Our text remains:
Ludwig von Mises: Attempts to carry out economic reforms from the monetary side can never amount to anything but an artificial stimulation of economic activity by an expansion of the circulation, and this, as must constantly be emphasized, must necessarily lead to crisis and depression. Recurring economic crises are nothing but the consequence of attempts, despite all the teachings of experience and all the warnings of the economists, to stimulate economic activity by means of additional credit...
From my point of view, liquidity creation, duration transformation, and simple diversification are all attempts to make the law of large numbers work for us. They are largely successful attempts not to buy liquidity, immediacy, and Insurance from those who want to sell them, but rather to create them out of whole cloth--via clever applications of the principles of probability. As such, they are the preeminent examples of our largely successful ability to make the economy live beyond its means on its wits. Liquidity, immediacy, and insurance are good and valuable things: the marvel of financial engineering is that it creates them out of thin air.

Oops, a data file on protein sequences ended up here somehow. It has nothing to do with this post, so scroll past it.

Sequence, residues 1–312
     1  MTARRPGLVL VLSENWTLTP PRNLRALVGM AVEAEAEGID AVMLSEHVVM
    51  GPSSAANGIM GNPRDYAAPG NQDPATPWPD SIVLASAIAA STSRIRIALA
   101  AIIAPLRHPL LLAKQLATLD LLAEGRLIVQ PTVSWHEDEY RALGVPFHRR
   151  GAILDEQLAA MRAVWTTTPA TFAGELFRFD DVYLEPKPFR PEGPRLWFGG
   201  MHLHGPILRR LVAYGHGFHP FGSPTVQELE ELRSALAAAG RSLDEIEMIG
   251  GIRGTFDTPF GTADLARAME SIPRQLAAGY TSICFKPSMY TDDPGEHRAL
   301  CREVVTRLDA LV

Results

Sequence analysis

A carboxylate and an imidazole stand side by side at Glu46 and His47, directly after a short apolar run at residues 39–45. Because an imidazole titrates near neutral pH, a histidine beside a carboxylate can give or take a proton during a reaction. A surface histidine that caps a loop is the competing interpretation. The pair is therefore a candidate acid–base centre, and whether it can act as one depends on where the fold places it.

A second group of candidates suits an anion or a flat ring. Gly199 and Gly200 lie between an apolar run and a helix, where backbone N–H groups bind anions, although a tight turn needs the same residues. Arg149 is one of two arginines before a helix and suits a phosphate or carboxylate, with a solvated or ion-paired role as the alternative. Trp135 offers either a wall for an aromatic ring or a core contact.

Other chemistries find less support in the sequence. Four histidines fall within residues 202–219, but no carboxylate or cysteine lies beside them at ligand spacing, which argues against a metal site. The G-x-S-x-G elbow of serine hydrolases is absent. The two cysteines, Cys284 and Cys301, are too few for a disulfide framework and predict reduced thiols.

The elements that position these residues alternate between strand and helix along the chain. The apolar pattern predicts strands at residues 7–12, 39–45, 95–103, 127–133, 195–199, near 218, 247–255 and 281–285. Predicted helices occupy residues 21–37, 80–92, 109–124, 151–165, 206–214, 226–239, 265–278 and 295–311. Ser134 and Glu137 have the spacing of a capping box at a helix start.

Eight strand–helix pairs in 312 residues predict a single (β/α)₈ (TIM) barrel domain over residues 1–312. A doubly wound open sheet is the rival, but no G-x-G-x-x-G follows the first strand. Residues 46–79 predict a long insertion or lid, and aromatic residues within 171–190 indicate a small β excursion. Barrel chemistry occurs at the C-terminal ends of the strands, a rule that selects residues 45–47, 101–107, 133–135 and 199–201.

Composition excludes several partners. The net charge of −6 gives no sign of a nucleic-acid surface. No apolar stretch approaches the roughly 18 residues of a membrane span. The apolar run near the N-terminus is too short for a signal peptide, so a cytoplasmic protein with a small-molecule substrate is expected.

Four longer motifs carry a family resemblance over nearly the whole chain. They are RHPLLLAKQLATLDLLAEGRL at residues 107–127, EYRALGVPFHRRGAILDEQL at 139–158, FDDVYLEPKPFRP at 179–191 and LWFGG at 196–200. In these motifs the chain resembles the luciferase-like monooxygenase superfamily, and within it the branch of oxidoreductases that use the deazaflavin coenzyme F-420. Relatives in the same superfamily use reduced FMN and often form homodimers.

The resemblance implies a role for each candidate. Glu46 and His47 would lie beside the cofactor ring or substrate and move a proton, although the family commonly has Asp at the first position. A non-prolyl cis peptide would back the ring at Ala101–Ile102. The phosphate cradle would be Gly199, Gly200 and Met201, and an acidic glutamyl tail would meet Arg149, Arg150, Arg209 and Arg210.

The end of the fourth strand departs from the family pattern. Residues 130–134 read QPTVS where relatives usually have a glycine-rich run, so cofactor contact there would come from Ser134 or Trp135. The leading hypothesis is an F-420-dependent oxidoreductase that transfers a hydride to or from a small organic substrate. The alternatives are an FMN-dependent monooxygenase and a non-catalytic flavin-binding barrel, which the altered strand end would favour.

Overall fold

But to von Mises, Ron Paul, and all their epigones, these forms of financial engineering are all terrifying.
I think that the deep point of view underlying von Mises's--and von Hayek, and Marx, and Ron Paul--complaint against fiat money in general and monetary management of the business cycle in particular is this: that value comes from human sweat and toil, not from being clever. Thus it is fine for money to have value if it is 100% backed by gold dug from the earth by sweat and machines and muscles (even if there is no state of the possible future world in which people actually want to exchange their pieces of paper for the gold that supposedly backs it). But it is not fine for money to have value simply because it is useful for buying things. There is, von Mises--and Marx, and von Hayek, and Ron Paul--think, something profoundly wrong on an economic and on a moral level with procedures that create value that is not backed by, in Marx's case, human labor, and in von Mises's and von Hayek's case human entrepreneurial ingenuity. And in its scarier moments some of the trains of thought emanating from this deep point of view slide over to: "good German engineers (and workers); bad Jewish financiers" (and "good Russian Stakhanovites, bad Jewish Trotskyite intellectuals").
Note that this does not just apply to fiat money produced by a government.
This applies to all financial market asset valuations in excess of capital cost of production (or perhaps the value of the inventions of the gigantic Krell-like brain of John Galt). They are, to von Mises, all cheats. Thus Von Mises loathes fractional reserve bankers and IPO-mongers as much as he loathes modern central bank chairs.
The "value equals cost of production constant returns to scale" viewpoint is an astonishingly powerful set of blinders to wear.
Anybody have a better theory?